Scope downgrades class A and class B notes of Prosil Acquisition S.A. – Spanish NPL ABS
Scope Ratings has reviewed the performance of Prosil Acquisition S.A., Compartment "Cell Number 5", a static cash securitisation of a portfolio of Spanish non-performing loans and REO properties originated by different entities in Abanca Group.
The transaction comprises the following instruments:
Class A (ISIN XS1843432078), EUR 156.4m: downgraded to BB+SF from BBB-SF
Class B (ISIN XS1843431930), EUR 30m: downgraded to CCCSF from B-SF
Class J (ISIN XS1843431856), EUR 15m: not rated
Class Z (ISIN XS1843431773), EUR 16m: not rated
Scope’s review considered the latest available payment information, along with servicer reporting as of June 2020.
Prosil Acquisition S.A. is a static cash securitisation of a Spanish non-performing loans (NPLs) portfolio worth around EUR 494.7m by outstanding balance (OB) of NPLs and around EUR 40m by third party appraisal value of real-estate owned properties (REO), actively serviced by Hipoges. The NPL pool consists of senior secured loans (94%), junior secured loans (1%), as well as unsecured loans and secured residual exposures (5%). The loans were extended to individuals (66%) and small and medium-sized companies (34%) and were originated by Abanca. The ratings were first assigned on 30 July 2019 and the legal maturity is in October 2039.
As of 30 June 2020, aggregate gross collections were EUR 31.7m, which represents 54.4% of the original business plan expectations of EUR 58.3m. Around 13% of gross collections (EUR 4.2m) come from open debtors (i.e. debtors for which the recovery process is still ongoing) while the rest stems from closed borrowers or REO properties. Sources of collections are real estate sales (34%), discounted pay-off (‘DPO’) proceeds (33%), loan sale proceeds (22%) and other type of collections (11%). Closed borrowers account for 8.9% of all borrowers.
Around 8.0% of the class A notes’ notional has amortised, a level above Scope’s expectations under a BBB- scenario. As a result, the class A notes outstanding balance relative to outstanding GBV has increased to 38.2% from 34.4% at closing.
Interest on class B are subordinated to payment of class A principal if the net cumulative collection ratio falls below 90% of the servicers’ business plan target or the NPV profitability ratio falls below 90%. This ratio is curable, and once is cured, all accrued and unpaid interest are distributed senior to Class A principal payments.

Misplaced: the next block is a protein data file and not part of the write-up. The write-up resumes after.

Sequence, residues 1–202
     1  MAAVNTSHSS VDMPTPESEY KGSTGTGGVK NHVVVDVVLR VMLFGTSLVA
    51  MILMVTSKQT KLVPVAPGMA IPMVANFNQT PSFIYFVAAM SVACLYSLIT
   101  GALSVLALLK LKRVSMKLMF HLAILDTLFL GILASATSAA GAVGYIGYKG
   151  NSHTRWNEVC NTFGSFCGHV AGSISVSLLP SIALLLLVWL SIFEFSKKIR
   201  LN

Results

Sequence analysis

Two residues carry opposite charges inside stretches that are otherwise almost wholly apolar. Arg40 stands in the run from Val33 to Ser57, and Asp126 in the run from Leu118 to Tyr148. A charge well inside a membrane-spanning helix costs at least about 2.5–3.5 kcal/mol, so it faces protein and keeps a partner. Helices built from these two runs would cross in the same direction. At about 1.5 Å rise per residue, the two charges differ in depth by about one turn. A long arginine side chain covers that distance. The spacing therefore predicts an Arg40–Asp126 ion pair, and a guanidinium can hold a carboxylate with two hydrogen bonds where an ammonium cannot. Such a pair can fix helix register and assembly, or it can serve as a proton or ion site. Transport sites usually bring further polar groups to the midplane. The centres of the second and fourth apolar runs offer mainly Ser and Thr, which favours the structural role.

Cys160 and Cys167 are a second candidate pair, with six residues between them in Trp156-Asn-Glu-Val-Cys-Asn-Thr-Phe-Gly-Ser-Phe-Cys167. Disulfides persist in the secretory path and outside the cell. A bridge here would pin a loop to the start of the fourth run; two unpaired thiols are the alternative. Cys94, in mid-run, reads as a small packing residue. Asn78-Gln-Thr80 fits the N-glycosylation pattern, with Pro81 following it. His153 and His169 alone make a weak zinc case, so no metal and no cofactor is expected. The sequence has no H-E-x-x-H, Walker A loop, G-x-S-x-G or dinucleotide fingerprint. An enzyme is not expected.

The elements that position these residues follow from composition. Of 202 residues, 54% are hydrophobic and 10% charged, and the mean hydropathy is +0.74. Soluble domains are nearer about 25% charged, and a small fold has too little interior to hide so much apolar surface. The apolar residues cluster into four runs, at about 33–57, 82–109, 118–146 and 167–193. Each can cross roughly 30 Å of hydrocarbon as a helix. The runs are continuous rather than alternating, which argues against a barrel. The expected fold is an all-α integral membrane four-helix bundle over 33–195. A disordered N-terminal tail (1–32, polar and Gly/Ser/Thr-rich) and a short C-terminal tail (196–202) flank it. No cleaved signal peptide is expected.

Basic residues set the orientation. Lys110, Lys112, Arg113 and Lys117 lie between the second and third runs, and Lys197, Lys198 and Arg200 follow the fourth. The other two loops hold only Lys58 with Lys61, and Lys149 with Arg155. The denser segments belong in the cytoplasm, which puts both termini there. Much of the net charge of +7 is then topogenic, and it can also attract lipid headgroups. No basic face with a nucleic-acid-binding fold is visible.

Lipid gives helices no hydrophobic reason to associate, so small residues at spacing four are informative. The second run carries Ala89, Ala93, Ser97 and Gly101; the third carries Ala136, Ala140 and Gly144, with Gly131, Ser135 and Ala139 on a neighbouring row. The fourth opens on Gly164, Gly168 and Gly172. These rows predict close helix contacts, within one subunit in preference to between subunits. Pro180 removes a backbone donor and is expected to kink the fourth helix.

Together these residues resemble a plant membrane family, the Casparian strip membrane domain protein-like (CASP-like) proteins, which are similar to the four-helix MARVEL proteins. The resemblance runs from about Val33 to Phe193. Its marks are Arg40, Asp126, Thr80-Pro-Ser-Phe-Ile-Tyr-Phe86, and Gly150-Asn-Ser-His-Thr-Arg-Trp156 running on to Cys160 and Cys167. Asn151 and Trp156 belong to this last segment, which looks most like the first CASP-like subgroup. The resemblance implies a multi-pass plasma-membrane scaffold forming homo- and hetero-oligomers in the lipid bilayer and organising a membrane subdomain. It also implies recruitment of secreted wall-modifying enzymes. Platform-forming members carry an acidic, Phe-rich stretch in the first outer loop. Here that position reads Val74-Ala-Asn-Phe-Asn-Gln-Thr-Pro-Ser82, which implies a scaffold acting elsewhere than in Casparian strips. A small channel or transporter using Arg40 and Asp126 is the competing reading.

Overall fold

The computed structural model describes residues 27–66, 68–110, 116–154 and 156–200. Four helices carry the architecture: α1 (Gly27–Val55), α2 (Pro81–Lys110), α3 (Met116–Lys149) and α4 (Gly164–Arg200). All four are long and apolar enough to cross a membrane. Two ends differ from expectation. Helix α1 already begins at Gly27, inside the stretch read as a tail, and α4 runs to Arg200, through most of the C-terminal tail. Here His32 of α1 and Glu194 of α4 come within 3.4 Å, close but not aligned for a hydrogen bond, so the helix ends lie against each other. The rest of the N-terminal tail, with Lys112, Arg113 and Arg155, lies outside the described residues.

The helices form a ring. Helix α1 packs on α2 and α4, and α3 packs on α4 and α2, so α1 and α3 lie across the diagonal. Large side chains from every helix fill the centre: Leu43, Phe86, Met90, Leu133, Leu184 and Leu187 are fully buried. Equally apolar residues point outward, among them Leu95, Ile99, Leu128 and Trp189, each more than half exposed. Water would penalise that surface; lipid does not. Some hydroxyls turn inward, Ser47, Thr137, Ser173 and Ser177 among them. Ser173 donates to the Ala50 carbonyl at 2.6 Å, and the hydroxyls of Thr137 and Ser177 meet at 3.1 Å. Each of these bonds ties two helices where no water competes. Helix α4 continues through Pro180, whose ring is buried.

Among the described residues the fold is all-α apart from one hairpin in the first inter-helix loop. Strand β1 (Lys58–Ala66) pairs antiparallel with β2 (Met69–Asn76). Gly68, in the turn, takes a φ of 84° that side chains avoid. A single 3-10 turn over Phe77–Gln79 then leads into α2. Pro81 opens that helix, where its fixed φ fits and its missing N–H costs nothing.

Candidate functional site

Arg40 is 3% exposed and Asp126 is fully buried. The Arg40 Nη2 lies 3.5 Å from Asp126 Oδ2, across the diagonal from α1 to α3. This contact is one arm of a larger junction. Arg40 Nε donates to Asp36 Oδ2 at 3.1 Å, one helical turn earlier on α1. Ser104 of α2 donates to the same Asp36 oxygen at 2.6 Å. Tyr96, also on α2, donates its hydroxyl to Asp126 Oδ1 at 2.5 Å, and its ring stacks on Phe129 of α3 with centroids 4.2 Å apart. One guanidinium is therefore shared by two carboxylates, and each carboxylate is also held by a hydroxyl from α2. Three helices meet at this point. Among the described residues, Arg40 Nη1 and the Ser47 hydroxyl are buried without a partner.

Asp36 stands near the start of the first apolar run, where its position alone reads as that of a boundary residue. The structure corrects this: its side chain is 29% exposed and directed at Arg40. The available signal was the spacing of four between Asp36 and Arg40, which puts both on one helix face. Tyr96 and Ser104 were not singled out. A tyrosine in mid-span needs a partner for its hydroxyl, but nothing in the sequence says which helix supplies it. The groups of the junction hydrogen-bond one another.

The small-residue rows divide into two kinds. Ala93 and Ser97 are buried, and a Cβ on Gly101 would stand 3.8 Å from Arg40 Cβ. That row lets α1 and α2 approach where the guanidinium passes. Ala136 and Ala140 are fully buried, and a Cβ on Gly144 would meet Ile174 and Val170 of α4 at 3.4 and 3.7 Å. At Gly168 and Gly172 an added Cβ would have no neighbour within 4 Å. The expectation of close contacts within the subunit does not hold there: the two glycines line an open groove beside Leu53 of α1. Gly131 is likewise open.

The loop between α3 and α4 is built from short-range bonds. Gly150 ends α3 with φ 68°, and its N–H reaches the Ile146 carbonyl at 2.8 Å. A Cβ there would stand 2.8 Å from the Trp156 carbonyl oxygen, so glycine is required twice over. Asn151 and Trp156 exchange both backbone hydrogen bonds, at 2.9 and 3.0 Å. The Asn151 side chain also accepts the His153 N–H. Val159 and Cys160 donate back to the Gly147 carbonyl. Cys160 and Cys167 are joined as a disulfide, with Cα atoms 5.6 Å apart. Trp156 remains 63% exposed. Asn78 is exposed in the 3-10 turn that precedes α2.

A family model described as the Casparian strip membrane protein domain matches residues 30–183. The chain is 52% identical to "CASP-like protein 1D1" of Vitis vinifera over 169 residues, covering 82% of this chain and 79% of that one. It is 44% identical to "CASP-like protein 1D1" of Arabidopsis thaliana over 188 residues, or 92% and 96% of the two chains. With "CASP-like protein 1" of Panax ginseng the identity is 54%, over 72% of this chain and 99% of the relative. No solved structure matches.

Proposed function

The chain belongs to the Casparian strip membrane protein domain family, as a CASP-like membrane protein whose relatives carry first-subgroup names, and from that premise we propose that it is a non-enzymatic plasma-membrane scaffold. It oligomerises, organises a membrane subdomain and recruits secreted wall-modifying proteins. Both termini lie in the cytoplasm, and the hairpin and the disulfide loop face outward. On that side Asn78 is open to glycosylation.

According to the data provided by the servicer for the last payment date (April 2020), the net cumulative collection ratio and the NPV profitability ratio are at 54% and 94%, respectively. Therefore, a class B interest subordination event has occurred and interest on class B are now subordinated to payment of class A principal.
The rating action is driven by Scope’s updated modelling assumptions, which reflect the current and developing macro-economic factors, as well as the observed and expected performance of the transaction. Scope also compared the transaction’s performance to its own recovery assumptions, in the current macro-economic context, regarding asset resolution timing and recovery estimates developed through transaction-specific observations and benchmarking. Specifically, Scope expects base case lifetime collections (B rating category) to be around 8% lower compared to the amount forecasted at closing.
Cumulative net collections (gross collections net of recovery expenses), amount to EUR 27.6m, equal to 54% of the original business plan’s expectations of EUR 51.0m. Disruptions from COVID-19 have been a clear driver of the underperformance in terms of collections’ timing. However, Scope notes that collections from January through March were already trending lower.
Reported profitability on closed borrowers stands at c.94%, above Scope’s expectations at closing under a BBB- scenario. While the servicing fee structure provides incentives to maintain this positive trend, Scope notes that the number of closed borrowers is still relatively small, and identifies a downside risk on profitability given the challenging macro-economic context.
In the most recent business plan, dated April 2020, lifetime gross collections have been reviewed downwards (2.2%) compared to the initial business plan, with a more backloaded timing on expected recoveries. The adjustments made to the business plan do not impact Scope’s own recovery assumptions, even though we view the reforecast as consistent with the underperformance to date and the envisaged repercussions from the pandemic.